CD26 inhibition and hematopoiesis: A novel approach to enhance transplantation

Timothy B. Campbel, Hal E. Broxmeyer

Research output: Contribution to journalReview article

28 Scopus citations

Abstract

Dipeptidylpeptidase IV/CD26 is expressed on the surface of various cell types. Through its enzymatic activity, its major function is to cleave the N-terminal dipeptide from diverse molecules including members of the chemokine family of cytokines. The N-terminus of these chemokines is important for activation of and binding to seven-transmembrane G-protein linked chemokine receptors, and early studies showed truncation by CD26 physiologically alters these properties of select chemokines resulting in diverse functional outcomes. Stromal-derived factor-1 (SDF-1/CXCL12), a chemokine involved in hematopoietic cell Chemotaxis, homing, mobilization and survival, is cleaved by CD26 producing a form that is inactive in CXCR4 signaling and has some antagonistic properties in vitro. Recent studies have shown that the inhibition of cell-surface CD26 peptidase activity on hematopoietic stem/progenitor cell (HSC/HPC) populations increases their SDF-1/CXCL12 directed chemotaxis in vitro, and in vivo homing and engraftment. CD26 inhibition may, therefore, represent a novel approach to increasing the efficacy and success of HSC/HPC transplantation, especially under conditions of limiting donor cell yield.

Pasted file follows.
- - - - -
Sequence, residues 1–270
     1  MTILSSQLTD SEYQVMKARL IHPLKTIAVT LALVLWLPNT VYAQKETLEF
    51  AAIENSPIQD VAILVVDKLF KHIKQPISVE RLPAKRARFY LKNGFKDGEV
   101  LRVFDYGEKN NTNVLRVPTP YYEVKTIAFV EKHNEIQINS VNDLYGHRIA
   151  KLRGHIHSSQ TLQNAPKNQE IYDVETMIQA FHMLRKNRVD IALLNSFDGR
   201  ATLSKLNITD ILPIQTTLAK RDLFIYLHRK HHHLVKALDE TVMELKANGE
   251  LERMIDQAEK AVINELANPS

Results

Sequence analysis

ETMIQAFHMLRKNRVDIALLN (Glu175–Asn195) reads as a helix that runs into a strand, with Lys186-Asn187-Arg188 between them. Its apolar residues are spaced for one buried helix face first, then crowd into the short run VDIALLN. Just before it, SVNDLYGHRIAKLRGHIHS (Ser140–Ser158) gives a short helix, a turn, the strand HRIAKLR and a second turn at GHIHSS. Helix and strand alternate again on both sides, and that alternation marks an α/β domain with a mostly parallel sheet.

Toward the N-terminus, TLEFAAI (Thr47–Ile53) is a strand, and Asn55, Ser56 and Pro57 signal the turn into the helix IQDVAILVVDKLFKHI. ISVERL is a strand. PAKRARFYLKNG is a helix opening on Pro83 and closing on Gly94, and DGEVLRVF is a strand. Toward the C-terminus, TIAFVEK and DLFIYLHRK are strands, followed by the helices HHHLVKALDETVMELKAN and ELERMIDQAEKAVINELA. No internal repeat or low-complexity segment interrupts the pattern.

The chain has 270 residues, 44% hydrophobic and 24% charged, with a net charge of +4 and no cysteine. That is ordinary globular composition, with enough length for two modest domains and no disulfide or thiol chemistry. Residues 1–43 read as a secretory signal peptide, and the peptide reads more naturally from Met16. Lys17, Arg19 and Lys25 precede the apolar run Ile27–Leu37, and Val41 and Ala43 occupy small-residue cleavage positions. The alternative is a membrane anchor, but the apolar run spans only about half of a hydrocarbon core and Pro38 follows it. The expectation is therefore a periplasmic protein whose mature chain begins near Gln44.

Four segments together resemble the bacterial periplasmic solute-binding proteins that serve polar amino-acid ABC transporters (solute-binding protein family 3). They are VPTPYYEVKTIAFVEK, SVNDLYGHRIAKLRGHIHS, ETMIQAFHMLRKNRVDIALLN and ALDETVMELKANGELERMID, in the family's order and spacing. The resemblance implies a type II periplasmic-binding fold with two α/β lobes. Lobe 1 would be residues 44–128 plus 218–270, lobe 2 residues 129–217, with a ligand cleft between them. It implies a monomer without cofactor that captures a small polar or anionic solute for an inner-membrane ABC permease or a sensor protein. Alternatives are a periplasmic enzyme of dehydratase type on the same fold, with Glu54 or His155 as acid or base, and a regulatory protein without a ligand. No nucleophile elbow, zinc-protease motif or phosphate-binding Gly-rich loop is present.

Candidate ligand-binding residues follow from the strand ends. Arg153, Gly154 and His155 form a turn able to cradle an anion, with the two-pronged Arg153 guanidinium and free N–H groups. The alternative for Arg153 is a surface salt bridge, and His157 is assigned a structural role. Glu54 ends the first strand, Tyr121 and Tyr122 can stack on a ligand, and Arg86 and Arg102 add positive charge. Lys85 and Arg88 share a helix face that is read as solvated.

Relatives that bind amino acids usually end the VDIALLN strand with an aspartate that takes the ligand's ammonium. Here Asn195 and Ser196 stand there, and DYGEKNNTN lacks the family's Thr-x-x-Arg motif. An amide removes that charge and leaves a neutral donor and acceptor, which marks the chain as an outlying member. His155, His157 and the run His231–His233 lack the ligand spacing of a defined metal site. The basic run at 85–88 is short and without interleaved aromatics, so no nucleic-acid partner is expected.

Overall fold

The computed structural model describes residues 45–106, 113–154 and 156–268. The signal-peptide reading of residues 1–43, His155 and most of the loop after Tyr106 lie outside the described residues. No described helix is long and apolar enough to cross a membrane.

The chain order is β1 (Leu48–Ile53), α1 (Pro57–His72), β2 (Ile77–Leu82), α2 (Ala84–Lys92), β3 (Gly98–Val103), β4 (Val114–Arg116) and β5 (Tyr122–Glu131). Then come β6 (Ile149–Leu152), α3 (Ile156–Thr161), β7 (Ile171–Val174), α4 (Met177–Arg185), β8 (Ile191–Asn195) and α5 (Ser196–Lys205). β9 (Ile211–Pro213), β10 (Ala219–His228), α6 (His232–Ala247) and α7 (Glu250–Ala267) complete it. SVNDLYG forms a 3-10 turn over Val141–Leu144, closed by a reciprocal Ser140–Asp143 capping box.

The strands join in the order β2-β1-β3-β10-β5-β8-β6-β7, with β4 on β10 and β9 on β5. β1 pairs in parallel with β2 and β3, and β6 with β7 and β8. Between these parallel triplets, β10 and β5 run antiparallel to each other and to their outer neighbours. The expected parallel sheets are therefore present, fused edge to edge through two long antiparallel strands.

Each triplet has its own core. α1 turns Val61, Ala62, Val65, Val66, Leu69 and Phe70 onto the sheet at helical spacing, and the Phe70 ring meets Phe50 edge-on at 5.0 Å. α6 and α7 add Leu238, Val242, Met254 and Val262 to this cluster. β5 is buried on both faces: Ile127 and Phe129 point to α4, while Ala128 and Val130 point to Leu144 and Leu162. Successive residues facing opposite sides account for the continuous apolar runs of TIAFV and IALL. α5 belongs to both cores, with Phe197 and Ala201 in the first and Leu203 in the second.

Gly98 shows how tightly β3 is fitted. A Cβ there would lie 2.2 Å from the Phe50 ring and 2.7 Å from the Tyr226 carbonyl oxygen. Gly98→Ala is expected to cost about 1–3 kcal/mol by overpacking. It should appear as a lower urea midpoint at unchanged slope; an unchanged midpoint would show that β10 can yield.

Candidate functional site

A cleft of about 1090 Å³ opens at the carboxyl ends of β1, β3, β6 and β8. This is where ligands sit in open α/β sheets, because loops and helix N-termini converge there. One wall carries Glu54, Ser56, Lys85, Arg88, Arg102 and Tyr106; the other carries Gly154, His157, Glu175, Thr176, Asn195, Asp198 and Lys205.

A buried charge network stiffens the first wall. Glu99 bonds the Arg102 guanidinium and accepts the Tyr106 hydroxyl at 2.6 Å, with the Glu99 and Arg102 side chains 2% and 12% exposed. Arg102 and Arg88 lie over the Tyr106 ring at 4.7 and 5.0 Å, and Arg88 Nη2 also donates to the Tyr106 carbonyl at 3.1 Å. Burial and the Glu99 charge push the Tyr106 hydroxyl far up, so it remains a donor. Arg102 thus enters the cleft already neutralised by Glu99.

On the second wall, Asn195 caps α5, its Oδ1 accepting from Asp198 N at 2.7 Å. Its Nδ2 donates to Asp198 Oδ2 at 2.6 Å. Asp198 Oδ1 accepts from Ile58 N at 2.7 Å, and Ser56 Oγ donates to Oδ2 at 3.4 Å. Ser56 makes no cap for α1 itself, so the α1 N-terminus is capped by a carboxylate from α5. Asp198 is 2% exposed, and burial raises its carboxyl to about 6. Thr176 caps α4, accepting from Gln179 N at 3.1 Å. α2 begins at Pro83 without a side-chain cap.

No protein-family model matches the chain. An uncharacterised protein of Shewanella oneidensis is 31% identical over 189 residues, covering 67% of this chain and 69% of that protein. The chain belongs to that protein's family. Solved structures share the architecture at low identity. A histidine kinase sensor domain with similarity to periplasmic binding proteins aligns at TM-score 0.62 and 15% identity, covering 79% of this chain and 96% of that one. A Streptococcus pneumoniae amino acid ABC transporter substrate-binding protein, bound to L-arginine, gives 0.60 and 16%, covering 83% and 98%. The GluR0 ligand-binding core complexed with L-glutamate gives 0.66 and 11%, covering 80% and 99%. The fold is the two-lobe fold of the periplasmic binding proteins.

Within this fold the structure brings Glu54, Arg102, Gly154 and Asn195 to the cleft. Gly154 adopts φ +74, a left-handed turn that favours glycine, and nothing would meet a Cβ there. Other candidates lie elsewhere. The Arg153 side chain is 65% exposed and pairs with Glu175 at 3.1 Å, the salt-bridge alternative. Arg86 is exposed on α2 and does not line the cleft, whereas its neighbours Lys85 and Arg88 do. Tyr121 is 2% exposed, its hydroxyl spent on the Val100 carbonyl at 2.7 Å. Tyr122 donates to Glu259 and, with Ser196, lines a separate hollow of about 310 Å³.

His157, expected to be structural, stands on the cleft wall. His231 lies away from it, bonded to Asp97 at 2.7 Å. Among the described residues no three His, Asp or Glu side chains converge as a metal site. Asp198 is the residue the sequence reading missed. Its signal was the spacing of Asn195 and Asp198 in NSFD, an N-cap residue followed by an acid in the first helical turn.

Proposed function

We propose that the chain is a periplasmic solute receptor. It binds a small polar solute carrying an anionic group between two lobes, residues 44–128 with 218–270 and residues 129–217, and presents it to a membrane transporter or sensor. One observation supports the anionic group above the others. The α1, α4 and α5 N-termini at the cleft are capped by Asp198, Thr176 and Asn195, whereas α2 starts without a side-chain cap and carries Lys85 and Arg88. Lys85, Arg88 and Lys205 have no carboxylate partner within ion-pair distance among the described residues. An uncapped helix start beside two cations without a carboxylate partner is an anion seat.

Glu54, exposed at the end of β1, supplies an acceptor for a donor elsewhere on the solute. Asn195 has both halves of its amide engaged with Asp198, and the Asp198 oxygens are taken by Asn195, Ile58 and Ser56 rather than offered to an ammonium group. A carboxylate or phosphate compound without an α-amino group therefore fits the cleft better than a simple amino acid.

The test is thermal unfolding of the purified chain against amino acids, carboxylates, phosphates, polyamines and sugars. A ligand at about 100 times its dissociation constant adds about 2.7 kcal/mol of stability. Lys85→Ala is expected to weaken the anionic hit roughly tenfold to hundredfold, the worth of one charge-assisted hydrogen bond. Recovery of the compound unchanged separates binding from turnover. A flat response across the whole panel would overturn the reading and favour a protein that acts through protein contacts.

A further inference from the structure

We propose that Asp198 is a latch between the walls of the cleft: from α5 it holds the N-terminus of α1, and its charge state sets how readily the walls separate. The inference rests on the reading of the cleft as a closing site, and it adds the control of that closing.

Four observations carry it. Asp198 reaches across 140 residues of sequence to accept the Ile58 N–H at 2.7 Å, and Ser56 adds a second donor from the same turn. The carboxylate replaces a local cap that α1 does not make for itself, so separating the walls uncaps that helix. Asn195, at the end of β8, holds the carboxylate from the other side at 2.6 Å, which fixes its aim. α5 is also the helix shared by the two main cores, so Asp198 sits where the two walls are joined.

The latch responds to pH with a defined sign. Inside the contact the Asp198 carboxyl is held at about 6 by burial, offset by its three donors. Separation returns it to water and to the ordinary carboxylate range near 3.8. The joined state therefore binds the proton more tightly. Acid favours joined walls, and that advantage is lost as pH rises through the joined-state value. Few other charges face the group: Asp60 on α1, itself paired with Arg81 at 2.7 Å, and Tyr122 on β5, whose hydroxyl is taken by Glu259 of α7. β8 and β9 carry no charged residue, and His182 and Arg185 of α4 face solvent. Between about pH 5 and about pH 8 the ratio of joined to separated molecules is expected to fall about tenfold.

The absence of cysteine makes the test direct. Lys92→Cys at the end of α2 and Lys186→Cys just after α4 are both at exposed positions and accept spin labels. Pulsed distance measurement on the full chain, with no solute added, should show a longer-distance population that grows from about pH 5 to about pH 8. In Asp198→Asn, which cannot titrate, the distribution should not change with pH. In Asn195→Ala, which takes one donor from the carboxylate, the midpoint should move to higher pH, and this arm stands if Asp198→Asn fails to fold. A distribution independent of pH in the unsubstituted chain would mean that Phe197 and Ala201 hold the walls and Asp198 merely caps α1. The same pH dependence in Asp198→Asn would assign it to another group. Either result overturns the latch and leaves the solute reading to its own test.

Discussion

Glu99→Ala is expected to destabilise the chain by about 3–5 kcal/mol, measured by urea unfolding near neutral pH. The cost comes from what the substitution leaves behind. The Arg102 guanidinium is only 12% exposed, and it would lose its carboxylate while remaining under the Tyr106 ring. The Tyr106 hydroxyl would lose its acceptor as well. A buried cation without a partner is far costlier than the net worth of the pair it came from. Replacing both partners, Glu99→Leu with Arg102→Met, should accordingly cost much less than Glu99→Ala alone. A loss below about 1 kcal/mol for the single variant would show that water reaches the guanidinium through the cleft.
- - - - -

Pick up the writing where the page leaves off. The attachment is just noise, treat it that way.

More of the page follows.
Original languageEnglish (US)
Pages (from-to)1795-1805
Number of pages11
JournalFrontiers in Bioscience
Volume13
Issue number5
DOIs
StatePublished - May 5 2008

Keywords

  • CD26
  • CXCL12
  • CXCR4
  • Hematopoietic stem cells
  • Review
  • SDF-1
  • Transplantation

ASJC Scopus subject areas

  • Biochemistry, Genetics and Molecular Biology(all)
  • Biochemistry
  • Cell Biology
  • Medicine(all)

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